Jacob Aagaard and the Asian adventure! Part II
This part of the trip deals with Jacob Aagaard's lectures in Philippines and Singapore. Apart from the training you also get to know more about Asia's first grandmaster Eugene Torre. He shows you one of his best games - win against Anatoly Karpov from 1976. You are also posed with a difficult problem, the solution of which is delivered by Aagaard in the form of a video. So, a lot of training material along with interesting stories, pictures and anecdotes.
At the end of the part I of the Asian adventure I left you at the Suvarnabhumi airport in Bangkok. Our next stop was Manila in Philippines. At one point Philippines was the power house of Asian chess. Eugene Torre, Asia's first grandmaster, was from the Philippines and Vishy Anand when he was young got bit by the chess bug in Manila! In the recent years Wesley So is another gem that the country has produced. With such chess culture imbibed in the people we were looking forward to a great chess lecture.
Manila, Philippines - 11th of April
A small boy walked up to Jacob and with a very low voice asked,"Can we play a game of blitz?" I am busy, or we will do it later was the answer he was expecting. However, he didn't know Jacob so well! Aagaard left everything that he was doing and made the boy's day! Some call Jacob unpredictable, I think he is hopelessly in love with the game!
The PCTAP headed by Eugene Torre (Chairman), Rudy Ibanez (President) and Eliseo Tumbaga (Secretary) is doing some path breaking work in the Philippines. They are holding various seminars all over the country and creating trainers who would spread the game further and teach many more kids. Such work done at the grassroot level would surely make Philippines a hotbed for talented chess players in the years to come.
The most interesting thing that I found about Jacob is that he is always switched on, i.e he is always ready for a game of blitz. Any place, any time. And I think this is very unusual for me. When I enter a restaurant after nine hours of training the first thing I want to do is get my hands on the menu card and order some food! But not Jacob!
While sitting down for dinner someone jokingly said why not have a game of blitz. Well, Aagaard took out his analysis board and chess clock, something that he carries with him all the time, and invited Torre to a game of blitz. The result is irrelevant! What stood out was two grandmasters playing a great game of chess and I as a viewer/videographer thoroughly enjoyed every minute of the game.
When we arrived at the hotel early in the morning, Eliseo told me that Torre would be joining us for lunch. "Can he come a little early? I would like to do an interview with him!", was my reflex action. Torre agreed and I went back to my room and began preparing for the interview. I realized what an absolute legend the guy is!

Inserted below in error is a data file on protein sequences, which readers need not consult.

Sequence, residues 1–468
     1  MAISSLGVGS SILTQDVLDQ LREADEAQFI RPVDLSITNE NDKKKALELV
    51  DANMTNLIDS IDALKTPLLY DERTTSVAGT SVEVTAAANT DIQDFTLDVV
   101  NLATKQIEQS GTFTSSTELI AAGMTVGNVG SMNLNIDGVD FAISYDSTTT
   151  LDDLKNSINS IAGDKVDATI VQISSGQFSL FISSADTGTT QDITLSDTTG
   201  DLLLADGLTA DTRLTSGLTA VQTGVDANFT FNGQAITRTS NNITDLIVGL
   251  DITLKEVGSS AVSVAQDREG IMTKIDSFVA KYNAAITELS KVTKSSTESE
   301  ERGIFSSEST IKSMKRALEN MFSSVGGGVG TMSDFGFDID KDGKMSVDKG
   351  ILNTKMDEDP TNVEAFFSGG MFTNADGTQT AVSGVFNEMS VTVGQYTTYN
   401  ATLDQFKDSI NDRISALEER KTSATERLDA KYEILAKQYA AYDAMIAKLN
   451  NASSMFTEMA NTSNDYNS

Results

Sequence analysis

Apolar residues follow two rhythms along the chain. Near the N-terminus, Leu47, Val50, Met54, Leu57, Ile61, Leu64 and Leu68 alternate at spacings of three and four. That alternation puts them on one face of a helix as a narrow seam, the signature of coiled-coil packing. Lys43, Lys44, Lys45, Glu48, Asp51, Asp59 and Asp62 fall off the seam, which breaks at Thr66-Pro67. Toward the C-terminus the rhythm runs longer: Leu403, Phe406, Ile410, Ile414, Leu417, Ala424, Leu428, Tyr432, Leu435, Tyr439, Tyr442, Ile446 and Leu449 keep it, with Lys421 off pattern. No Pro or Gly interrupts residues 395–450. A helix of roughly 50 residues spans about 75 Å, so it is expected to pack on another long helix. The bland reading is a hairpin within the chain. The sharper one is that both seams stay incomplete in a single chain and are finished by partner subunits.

Not only is Torre the first grandmaster from Asia, but when Anatoly Karpov was at the height of his powers, he handed the World Champion his first tournament second place in many years. Ever since Karpov had become the World Champion there was no tournament he had not finished first! Manila 1976 changed this and it was because of Torre. It was at that point that people started taking Eugene as a serious candidate for the world title. This game in Manila, 1976 where Torre beat Karpov with the black pieces can be replayed below:
[White "Karpov, Anatoly"]
[Black "Torre, Eugenio"]
[SourceTitle "EXT 2001"]
O-O-O Bd7 9. f4 b5 10. Qe1 Nxd4 11. Rxd4 Qb6 12. Rd2 Be7 13. Bd3 b4 14. Nd1 Bb5
15. Nf2 h6 16. Bh4 g5 17. fxg5 hxg5 18. Bg3 Nh5 19. Ng4 Nxg3 20. hxg3 Rxh1 21.
Qxh1 Rc8 22. Kb1 Bxd3 23. cxd3 Qd4 24. Qd1 a5 25. Nh2 g4 26. Nxg4 Bg5 27. Rc2
Rxc2 28. Kxc2 a4 29. a3 b3+ 30. Kb1 d5 31. exd5 Qxd5 32. Nf2 Qxg2 33. Ne4 Be3
34. Nc3 Qc6 35. d4 Qc4 36. d5 e5 37. Qh1 Qd3+ 38. Ka1 Bd4 39. Qh8+ Kd7 40. Qa8
Qf1+ 41. Nb1 Qc4 42. Qb7+ Kd6 43. Qb8+ Kxd5 44. Qd8+ Ke6 45. Qe8+ Kf5 46. Qd7+
Kg6 47. Qg4+ Kf6 48. Nc3 Qf1+ 0-1
The above game is what we discuss in the 6th ChessBase India show. Eugene Torre tells you about what he was thinking during the game. You can download the show by just clicking the "buy now" button (no charges applicable!)
And when we are not sleeping at the airport, this is what we are doing! In between preparing for the lectures, Jacob would be indulging in hundreds of tasks that were pending related to Quality Chess and I would be doing the same related to ChessBase India! Maybe both of us need to learn a thing or two about managing time from Peter Long, who looks so very relaxed in this picture!
Singapore - 12th April 2017
According to Aagaard, Singapore was one of the most receptive audience of the entire trip. The questions that they posed him were very interesting and it helped him to explain the finer points of his four types of decisions theory better. Let's take a very interesting position from the lecture:
Bruzon Batista vs Sarunas Sulskis
After you have done thinking over the position, let GM Jacob Aagaard explain to you how you can calculate deeply and correctly!
Married - check. Married to chess playing wife - check. Chartered Accountants - check. Two GM norms - check! Those are really a lot of unusual similarities! Now Kevin and I have a bet to see who would reach the GM title first.
Judging from the way he was playing blitz against Jacob, I have absolutely no doubt that Kevin is going to make it to the GM line before me! Let's hope that happens because continuing with our similarities, I am sure I will also reach the GM title in no time after he does!
You can read about Kevin's take on the Aagaard lecture over here and another one from Junior Tay over here.
Previous articles on Jacob Aagaard's trips to India and Asia:
Jacob Aagaard and the magic of Mumbai
Aagaard and the amazing Ahmedabad
Delhi and 48 hours of fun with Jacob
Jacob and joy in the city of joy
Why Chennai is the chess capital of India
Jacob Aagaard and the Asian Adventure - Part I